For more on the issue of tort reform and medical costs go to my section on med mal (here) and scroll down.  Be patient and take your time.  There are more than 200 posts in that section including many with links to studies and reports clearly debunking the mythical relationship between tort reform and health care costs.

Tuesday, April 28, 2015

Missouri adopts new caps on damages

The TortsProf blog is reporting on another cap on damages legisltation, with an interesting "twist" -- it sounds like the cap is essentially optional, something I had never seen before:
In 2012, the Missouri Supreme Court struck down that state's med mal damage cap.  The legislature has passed a replacement, and it is now awaiting Governor Jay Nixon's decision whether to sign it.  In sum:  The bill, if signed into law, would place a $400,000 cap on noneconomic damage awards in medical malpractice cases. The cap would be raised to $700,000 for catastrophic and wrongful death cases. Both caps would then increase by 1.7 percent each year.
There is a catch to the law. A jury would still be able to award an amount greater than the allowed caps. If a motion is then made contesting the award, the trial court will determine whether the limitations apply in that case.
The reason I say this sounds like an "optional" cap is that the jury apparently will not be told of the cap and it will only be applied if the affected party requests it AND the court decides to apply it.  I assume that a decision not to apply it will be reviewable (and I also assume under an abuse of discretion standard, but I don't know).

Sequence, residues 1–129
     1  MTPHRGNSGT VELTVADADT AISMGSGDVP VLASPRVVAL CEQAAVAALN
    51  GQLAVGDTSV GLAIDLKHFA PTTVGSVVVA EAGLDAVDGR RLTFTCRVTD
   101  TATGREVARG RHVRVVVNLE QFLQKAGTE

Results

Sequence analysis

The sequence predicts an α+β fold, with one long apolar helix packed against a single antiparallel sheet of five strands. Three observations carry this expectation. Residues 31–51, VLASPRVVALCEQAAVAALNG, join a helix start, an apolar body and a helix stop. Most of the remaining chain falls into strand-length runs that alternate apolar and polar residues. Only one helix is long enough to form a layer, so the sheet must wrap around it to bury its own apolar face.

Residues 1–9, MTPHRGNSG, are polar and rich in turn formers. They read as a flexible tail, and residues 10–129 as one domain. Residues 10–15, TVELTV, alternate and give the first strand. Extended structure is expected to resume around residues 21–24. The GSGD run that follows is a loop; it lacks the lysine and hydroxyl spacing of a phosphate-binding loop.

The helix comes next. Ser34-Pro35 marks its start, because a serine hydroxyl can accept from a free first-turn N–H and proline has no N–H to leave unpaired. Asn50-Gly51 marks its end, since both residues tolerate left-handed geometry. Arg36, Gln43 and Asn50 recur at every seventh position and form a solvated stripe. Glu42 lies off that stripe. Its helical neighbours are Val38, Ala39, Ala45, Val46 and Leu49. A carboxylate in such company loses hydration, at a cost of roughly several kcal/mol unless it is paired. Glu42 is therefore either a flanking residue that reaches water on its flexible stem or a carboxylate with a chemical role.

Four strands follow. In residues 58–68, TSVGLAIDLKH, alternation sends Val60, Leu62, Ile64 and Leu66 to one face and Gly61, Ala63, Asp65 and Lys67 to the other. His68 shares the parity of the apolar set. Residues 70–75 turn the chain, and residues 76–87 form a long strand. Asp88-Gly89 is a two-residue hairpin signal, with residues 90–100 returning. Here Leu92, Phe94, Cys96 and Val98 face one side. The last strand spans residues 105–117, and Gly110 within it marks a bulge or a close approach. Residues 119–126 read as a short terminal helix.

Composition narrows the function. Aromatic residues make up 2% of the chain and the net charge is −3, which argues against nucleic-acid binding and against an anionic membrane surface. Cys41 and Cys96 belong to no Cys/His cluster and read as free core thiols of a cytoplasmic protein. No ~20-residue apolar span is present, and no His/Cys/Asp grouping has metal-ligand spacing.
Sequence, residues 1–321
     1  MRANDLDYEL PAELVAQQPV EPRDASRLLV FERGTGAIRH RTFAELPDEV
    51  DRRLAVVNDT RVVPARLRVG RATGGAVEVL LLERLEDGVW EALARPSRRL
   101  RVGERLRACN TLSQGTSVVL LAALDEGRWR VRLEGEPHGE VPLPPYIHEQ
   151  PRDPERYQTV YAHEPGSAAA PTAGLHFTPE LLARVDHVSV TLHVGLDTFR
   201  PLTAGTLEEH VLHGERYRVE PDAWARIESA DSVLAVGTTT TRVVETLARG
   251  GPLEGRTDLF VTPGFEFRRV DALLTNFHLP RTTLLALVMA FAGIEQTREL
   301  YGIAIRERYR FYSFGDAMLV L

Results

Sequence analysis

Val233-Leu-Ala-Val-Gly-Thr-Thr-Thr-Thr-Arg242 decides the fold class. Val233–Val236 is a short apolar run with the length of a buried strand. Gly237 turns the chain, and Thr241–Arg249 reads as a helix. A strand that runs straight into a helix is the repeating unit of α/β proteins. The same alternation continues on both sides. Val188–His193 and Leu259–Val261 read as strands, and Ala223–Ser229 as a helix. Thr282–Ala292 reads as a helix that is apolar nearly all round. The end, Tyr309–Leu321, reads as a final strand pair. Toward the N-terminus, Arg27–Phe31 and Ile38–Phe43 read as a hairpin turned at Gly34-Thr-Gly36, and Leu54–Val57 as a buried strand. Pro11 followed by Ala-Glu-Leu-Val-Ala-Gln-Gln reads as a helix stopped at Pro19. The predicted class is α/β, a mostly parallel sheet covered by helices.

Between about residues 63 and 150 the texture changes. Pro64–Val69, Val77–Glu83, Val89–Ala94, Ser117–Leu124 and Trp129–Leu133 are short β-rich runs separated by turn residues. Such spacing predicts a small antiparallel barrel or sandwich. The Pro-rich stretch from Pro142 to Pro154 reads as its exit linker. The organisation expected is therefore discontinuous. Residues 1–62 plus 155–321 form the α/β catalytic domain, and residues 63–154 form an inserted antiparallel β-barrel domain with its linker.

UPDATE 5/12/15:  The bill has been signed into law.  Details here.

Monday, April 27, 2015

Parental immunity for "free range parents"?

Maybe it was just a coincidence, but just as I was due to teach the issues related to parental immunity in class, I have seen a number of stories related to torts involving parents and children.  I recently posted stories on a possible duty to vaccinate (here and here), possible liability for parents who expose a child to an exorcism (here), and issues related to pre natal torts (here).

Now, here is a story about "free range parents" from Above the Law (with lots of links including one to a recent article in the Washington Post).  It discusses "examples of clashes between parents who believe their kids deserve some autonomy and child protective services workers who are charged with taking every potential threat to a child’s safety seriously."

When we talk about parental immunity, we invariably discuss the policy behind the immunity as being that parents should have the right to make decisions on how to raise their children without undue interference from the state.  Parents also have the right to make mistakes and not have to be liable in all cases.  Obviously, the question then becomes when does the interference of the state ceases to be "undue" and becomes justified.

This is precisely the policy question behind the debate on free range parenting.

In addition, another by product of the debate is the possibility of using criminal or child welfare statutes as expressions of a duty in tort law (by applying the so called "negligence per se" doctrine).